Any grandchildren born after the required beginning date of the IRA owner may be added as beneficiaries to an existing IRA for other grandchildren or children. However, the distributions from that IRA will be based upon the age of the oldest beneficiary. If possible, the IRA owner should establish separate IRAs for each heir when there is a wide age difference among heirs in order to maximize available tax deferral for the younger heirs. A recent IRS ruling allows multiple heirs of a single IRA to use their own ages to compute required distributions, but only when the IRA owner dies before the required beginning date for distributions. After the required beginning date, distributions are based upon the age of the oldest heir, which could cause the loss of substantial tax deferral. Another advantage to multiple IRAs is that each owner can select the IRA’s investments. The only disadvantage is the paperwork involved.

All IRAs, including Roth IRAs, are subject to estate taxes. If the estate taxes must be paid from a withdrawal from an IRA, there will be a considerable income tax to be paid in addition to the estate tax and the combined taxes can equal more than 80% of the amount in the IRA. On the positive side, any federal estate tax paid on the value of an IRA will be a miscellaneous itemized deduction, not subject to the 2% of adjusted gross income limitation, on the tax return of the heir. Thus, a portion of the estate tax will be recovered over a period of years, as shown in Exhibit 4.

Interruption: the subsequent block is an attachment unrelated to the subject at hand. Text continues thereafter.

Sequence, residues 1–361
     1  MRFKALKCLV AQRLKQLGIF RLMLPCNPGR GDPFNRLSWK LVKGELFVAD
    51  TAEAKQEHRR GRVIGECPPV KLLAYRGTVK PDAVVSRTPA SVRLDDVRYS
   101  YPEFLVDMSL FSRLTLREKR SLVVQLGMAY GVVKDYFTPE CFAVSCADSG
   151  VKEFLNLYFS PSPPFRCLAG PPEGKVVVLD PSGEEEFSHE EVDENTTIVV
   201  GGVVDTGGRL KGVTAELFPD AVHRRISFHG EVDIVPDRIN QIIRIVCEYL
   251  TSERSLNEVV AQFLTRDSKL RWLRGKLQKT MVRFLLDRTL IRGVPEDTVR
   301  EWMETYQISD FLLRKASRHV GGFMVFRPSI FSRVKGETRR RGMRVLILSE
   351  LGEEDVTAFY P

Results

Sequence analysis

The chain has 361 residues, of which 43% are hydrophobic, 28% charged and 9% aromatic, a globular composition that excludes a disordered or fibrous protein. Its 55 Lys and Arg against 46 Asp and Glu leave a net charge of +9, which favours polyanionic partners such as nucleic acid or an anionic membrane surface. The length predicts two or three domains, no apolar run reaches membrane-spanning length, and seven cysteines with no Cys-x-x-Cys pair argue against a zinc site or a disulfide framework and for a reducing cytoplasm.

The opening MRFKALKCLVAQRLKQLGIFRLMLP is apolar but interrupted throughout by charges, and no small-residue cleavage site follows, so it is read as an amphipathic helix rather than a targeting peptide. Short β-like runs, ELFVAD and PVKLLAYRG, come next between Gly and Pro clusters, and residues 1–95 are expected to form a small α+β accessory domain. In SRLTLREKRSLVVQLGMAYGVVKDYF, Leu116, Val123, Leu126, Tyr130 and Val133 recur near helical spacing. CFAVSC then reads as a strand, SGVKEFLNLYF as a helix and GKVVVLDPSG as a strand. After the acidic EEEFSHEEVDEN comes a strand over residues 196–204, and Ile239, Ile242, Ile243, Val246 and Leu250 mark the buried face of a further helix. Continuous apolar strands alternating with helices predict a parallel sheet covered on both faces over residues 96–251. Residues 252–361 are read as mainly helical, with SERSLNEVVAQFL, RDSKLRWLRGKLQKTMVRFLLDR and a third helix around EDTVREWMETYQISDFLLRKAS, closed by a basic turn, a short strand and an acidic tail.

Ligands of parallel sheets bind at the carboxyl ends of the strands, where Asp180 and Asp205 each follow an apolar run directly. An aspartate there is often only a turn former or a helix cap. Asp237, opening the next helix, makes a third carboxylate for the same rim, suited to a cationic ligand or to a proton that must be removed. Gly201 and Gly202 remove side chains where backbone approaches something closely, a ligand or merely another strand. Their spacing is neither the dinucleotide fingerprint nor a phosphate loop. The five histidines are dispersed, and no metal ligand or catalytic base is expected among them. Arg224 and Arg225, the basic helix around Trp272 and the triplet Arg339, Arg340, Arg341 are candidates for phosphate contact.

Lawrence M. Lipoff, CPA
Deloitte & Touche LLP

Susan R. Schoenfeld, CPA
Bessemer Trust Company N.A.

Contributing Editors:
Jerome Landau, CPA

Debra M. Simon, CPA
Merdinger Sruchter Rosen & Corso P.C.

Richard H. Sonet, JD, CPA
Marks Paneth & Shron LLP

Peter Brizard, CPA

Ellen G. Gordon, CPA
Margolin Winer & Evens LLP

Jeffrey S. Gold, CPA
Joseph R. Beyda & Company P.C.

Harriet B. Salupsky
Weinick Sanders Leventhal & Company LLP

The CPA Journal is broadly recognized as an outstanding, technical-refereed publication aimed at public practitioners, management, educators, and other accounting professionals. It is edited by CPAs for CPAs. Our goal is to provide CPAs and other accounting professionals with the information and news to enable them to be successful accountants, managers, and executives in today's practice environments.